CHARLESTON, W.Va. — Retired Air Force Brig. Gen. Chuck Yeager was remembered at a memorial service Friday as a hero, legend and friend who would go out of his way to help others.
“America will cherish always the memory, the service and the example of Gen. Chuck Yeager,” Pence said.
During numerous video tributes, others spoke of the human side of Yeager, who died Dec. 7 at the age of 97. His love for growing tomatoes. For hunting and fishing. His work as a conservationist. And his love for the Oak Ridge Boys.
Friend Sean Duffy said Yeager was involved in conservation fundraising efforts that allowed a generation of children to enjoy the outdoors.
“He was a class act,” Duffy said.
Former astronaut Charles Duke said Yeager was his pilot school commandant when he applied for the space program in 1965. Yeager “was a great boss, a great mentor and a great encourager of all his students,” Duke said.
Caleb Deschanel, a cinematographer on the 1983 movie “The Right Stuff,” said that when Yeager wanted to go to a test pilot school, the elite students' jaws dropped upon seeing him.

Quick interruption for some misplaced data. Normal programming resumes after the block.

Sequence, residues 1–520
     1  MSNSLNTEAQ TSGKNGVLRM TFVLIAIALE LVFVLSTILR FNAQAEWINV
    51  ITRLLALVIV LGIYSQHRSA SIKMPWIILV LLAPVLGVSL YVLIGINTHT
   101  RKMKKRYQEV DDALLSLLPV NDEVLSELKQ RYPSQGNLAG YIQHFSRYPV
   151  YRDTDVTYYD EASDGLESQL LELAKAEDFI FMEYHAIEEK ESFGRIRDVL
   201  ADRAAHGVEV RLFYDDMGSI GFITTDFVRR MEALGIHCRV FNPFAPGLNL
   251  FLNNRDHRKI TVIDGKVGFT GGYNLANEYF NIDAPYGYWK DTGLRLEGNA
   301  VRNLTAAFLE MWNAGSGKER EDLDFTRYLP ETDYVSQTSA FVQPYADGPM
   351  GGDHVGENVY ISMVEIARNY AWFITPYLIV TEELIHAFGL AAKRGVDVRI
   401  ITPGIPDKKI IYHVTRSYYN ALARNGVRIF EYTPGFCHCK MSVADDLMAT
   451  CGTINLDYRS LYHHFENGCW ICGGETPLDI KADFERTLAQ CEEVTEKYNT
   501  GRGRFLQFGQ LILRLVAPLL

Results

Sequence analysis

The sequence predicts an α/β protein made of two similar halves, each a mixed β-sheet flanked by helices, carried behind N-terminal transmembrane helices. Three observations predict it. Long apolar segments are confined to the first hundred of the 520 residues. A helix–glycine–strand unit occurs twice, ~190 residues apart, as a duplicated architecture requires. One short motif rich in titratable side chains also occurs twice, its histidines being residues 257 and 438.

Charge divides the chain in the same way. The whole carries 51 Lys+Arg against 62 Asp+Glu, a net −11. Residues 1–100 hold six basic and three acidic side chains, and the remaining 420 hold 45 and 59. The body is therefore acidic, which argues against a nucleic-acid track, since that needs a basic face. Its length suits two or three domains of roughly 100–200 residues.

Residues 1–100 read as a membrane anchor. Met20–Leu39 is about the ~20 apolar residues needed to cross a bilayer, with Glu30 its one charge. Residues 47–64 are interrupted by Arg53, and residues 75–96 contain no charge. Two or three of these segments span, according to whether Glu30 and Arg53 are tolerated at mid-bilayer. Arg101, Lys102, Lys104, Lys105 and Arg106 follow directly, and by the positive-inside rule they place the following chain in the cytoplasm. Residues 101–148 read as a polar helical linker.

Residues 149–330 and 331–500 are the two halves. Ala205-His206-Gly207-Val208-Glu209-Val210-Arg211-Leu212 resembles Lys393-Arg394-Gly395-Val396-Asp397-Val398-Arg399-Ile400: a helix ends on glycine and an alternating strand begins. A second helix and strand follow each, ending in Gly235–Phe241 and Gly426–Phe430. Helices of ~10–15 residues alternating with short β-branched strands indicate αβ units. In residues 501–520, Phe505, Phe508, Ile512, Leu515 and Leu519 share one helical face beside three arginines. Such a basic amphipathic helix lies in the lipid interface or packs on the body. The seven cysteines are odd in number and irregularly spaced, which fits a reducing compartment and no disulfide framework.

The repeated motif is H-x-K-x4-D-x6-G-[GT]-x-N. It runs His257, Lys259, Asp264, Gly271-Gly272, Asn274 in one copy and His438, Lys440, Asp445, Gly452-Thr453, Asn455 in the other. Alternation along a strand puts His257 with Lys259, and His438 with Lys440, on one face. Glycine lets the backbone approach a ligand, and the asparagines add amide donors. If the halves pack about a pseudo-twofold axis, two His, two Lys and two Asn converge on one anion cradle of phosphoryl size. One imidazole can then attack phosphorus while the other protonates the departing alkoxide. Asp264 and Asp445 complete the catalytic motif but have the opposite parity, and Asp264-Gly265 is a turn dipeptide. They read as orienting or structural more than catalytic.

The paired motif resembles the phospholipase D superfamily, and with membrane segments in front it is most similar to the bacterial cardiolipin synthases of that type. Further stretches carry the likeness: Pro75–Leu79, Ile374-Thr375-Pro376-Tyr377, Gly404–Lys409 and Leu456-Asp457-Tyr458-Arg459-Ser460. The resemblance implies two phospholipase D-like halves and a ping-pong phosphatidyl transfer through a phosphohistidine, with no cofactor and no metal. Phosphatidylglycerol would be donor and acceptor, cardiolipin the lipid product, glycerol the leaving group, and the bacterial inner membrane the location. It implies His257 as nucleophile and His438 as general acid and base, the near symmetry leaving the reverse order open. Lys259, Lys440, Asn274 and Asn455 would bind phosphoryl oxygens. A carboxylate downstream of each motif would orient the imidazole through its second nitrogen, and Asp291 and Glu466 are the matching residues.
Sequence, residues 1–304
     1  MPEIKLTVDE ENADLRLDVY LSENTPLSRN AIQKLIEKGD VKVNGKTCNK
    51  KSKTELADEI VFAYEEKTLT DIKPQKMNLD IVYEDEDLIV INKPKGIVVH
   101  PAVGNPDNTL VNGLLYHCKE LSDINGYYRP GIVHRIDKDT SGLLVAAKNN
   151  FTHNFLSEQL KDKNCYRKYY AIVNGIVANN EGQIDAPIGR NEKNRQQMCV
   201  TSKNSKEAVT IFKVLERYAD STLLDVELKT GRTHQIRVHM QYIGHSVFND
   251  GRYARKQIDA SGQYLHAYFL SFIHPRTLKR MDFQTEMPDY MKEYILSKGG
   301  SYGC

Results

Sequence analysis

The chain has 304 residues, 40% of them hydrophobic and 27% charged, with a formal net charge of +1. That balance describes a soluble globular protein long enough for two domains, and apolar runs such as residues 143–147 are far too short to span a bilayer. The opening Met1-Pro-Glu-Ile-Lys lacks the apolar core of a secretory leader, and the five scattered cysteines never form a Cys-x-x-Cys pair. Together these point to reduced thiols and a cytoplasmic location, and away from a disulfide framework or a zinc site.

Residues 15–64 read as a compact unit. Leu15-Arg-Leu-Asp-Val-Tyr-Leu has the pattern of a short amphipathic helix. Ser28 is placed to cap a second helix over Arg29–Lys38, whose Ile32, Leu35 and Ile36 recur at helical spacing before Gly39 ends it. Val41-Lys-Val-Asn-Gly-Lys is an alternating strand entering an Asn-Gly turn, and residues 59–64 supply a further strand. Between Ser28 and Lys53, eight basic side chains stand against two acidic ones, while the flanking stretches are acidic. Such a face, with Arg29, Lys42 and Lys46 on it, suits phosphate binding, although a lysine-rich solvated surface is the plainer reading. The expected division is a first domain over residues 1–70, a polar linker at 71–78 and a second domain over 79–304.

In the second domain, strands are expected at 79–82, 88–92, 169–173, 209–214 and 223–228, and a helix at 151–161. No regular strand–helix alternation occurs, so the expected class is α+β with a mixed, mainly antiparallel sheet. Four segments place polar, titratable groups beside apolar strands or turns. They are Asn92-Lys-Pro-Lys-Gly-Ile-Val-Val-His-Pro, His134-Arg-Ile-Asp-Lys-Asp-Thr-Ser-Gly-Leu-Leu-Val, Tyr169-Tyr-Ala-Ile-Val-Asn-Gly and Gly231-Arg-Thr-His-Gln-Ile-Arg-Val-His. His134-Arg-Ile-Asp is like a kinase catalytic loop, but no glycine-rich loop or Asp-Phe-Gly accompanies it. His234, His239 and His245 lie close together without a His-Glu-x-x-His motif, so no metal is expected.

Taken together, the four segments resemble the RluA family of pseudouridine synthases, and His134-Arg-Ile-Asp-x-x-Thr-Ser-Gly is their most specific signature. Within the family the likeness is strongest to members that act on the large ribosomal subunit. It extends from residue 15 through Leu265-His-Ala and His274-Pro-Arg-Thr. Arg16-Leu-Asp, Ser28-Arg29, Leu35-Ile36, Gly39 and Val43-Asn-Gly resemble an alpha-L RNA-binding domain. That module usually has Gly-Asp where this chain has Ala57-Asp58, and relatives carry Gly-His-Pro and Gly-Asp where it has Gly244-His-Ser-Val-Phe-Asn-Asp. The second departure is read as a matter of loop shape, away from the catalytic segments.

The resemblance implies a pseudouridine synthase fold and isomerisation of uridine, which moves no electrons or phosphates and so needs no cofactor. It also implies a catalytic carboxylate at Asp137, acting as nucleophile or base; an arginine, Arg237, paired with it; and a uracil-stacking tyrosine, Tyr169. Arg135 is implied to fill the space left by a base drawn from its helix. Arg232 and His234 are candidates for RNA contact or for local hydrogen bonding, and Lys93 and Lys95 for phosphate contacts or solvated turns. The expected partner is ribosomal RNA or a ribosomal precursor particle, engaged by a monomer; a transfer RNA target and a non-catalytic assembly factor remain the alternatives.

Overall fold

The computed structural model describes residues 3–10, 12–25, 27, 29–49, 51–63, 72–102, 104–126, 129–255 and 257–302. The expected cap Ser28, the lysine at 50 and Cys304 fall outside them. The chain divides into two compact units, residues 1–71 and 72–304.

“When the absolute best of the best are humbled by your presence, that's the right stuff,” Deschanel said.
The World War II fighter pilot ace became the first person to fly faster than sound in 1947. He flew for more than 60 years and piloted an F-15 to near 1,000 mph (1,609 kph) at Edwards Air Force Base in October 2002 at age 79.
Yeager was born Feb. 23, 1923, in Myra, about 40 miles (65
Yeager and his first wife, Glennis Dickhouse, had four children. She died in 1990.
He remarried in 2003 to Victoria Scott D'Angelo. She said Friday that the pair met on a hiking trail. They returned for a hike together the next day. She said he hugged her and that it felt “safe, warm, loyal.”
She said Yeager taught her how to fly, how to fish and how to hunt.
Next to Victoria Yeager onstage was an empty armchair. She closed her remarks by paraphrasing something her husband said at a memorial to fallen New York police officers and firefighters.
“This chair may seem empty, but it’s not,” she said. “It’s full of memories, and don’t any of you ever forget. Don’t let your children forget, your grandchildren, your great-grandchildren, on down the line, who this man is, who he was, and all that he has done.”
John Raby, The Associated Press